• Cost: free download of full version, then $60 or $225 on the honor system, depending on how you use it
  • Best for: beginner to intermediate Producers who want room to grow with their DAW

Pro Tools | First

Pro Tools is pretty much the standard in any professional recording studio. Even if it’s not the main DAW of a pro studio, they at least have it available if they want it. And Pro Tools First is like the beginner version of it.

If you’re producing a song with 16 or fewer tracks, you’re good to go. If you need any more than that, you may need to upgrade to Pro Tools. But for a free DAW, this one is perfect for new Producers.

  • OS compatibility: Windows, macOS
  • Audio plugin capability: RTAS (also AAX)
  • Cost: free
  • Best for: beginner Producers who eventually want to master the full version of Pro Tools

FL Studio

Image-Line created FL Studio to help Producers easily make beats. FL stands for “Fruity Loops,” as in instrument and beat loops. It comes with virtual instruments so you can start making music right the moment you get it.

The interface is very simple and has a Garage-Band-esque feel. The most affordable edition is $99, and with that, you get all future updates of the DAW.

  • OS compatibility: Windows, macOS
  • Audio plugin capability: VST and AU
  • Cost: $99 up to $899
  • Best for: beginner to intermediate Producers who want room to grow with their DAW

Pick any one of these DAWs and you’ll be good to go. These programs span the spectrum of the different types of home Producers, and any beginner can master them.


What is the easiest DAW to learn?

Alison Stolpa (Careers in Music Staff)

GarageBand is the easiest DAW for beginners to learn. The workflow is intuitive and the interface is clean and uncluttered. Plus, there are tons of tutorials online to easily help you learn.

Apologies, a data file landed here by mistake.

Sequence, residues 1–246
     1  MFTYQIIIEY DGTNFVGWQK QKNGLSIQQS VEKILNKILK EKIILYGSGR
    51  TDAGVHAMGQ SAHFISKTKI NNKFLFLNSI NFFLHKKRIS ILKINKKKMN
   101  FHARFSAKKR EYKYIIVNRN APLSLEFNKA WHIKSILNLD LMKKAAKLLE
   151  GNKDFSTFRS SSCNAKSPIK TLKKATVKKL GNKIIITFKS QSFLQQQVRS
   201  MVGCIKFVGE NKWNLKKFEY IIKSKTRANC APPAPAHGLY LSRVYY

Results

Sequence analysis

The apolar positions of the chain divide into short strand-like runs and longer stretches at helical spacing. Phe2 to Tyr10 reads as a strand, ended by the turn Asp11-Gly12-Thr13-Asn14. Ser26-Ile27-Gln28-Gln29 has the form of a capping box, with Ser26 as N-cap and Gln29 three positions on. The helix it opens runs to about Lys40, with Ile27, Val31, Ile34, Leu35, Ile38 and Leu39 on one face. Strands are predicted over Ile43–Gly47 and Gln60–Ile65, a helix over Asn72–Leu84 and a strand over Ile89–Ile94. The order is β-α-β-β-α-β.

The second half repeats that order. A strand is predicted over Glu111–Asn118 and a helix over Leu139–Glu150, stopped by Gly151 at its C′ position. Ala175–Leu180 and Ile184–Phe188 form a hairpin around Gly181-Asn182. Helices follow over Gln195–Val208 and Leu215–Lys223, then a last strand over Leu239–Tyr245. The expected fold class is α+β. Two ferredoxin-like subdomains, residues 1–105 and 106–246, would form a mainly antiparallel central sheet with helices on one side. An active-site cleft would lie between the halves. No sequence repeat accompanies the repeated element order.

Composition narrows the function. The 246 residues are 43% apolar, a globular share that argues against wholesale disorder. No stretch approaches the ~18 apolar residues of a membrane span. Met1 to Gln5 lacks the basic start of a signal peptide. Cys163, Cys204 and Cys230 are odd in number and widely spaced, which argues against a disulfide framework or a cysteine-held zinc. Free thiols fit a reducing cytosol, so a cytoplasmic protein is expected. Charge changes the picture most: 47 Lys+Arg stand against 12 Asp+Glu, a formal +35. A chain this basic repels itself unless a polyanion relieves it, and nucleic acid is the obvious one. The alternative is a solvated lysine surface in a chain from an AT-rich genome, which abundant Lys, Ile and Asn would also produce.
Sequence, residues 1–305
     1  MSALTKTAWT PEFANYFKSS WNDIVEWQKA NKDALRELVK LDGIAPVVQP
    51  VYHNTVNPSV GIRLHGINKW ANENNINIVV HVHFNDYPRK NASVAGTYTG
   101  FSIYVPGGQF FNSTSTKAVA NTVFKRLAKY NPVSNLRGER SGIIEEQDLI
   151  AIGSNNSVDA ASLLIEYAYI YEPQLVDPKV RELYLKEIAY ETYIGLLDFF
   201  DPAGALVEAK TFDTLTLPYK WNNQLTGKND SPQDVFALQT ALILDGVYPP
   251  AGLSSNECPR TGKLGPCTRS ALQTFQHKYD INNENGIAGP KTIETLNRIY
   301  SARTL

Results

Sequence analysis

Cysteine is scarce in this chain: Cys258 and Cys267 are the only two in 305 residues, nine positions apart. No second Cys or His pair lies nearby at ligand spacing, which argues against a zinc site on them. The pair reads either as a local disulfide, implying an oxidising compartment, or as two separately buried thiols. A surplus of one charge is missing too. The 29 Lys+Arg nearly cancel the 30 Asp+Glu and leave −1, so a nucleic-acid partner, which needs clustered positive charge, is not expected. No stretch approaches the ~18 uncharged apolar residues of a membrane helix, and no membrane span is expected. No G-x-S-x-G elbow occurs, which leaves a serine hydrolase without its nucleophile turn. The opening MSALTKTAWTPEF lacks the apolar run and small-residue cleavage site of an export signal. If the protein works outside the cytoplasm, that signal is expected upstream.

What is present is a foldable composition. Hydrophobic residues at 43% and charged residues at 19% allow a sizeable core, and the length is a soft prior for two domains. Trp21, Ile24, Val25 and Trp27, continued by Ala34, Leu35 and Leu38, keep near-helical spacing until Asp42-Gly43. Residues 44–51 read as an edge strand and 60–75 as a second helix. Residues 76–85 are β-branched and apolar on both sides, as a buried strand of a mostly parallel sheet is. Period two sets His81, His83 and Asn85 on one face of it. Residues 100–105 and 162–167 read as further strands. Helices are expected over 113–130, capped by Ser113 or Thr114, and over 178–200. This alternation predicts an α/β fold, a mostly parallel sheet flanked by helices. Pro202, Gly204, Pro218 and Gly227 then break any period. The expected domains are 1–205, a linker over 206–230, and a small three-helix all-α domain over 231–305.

FL Studio is another great DAW option that beginners have found easy to learn and use.

Is Ableton Live good for beginners?

Alison Stolpa (Careers in Music Staff)

If you’re a total beginner to music production and home recording, Ableton Live might be a bit tricky. This DAW is very in-depth–which is why it’s a favorite of pro-level Producers–but it can be difficult for beginners to figure out. FL Studio, Cakewalk, and GarageBand are generally considered to be the more beginner-friendly DAWs.

That said, there are loads of great Ableton tutorials online that are appropriate for beginner-level users. As your abilities grow, so will Ableton’s functionality.

Is there a free Daw?

Alison Stolpa (Careers in Music Staff)

Yes! Some of our favorite DAWs for beginners are free, including Audacity, GarageBand, and Pro Tools First. Another great DAW option for beginners, Reaper, has a free trial but isn’t technically free once the trial period is over.

For more free DAW options, including some software programs that are a little more advanced, check out our blog on the year’s best free DAWs.

  1. 1. " “Features.”". Audacity.. published: . retrieved on: Retrieved 14 November 2019.
  2. 2Wang, Amy X.. "“Inside Garageband, the Little App Ruling the Sound of Modern Music.” ". Rolling Stone. . published: (16 March 2019). retrieved on: Retrieved 14 November 2019.
Site Search
We use cookies to understand how you use our site and to improve your experience. This includes personalizing content and advertising. By continuing to use our site, you accept our use of cookies, revised Privacy Policy and Terms of Use.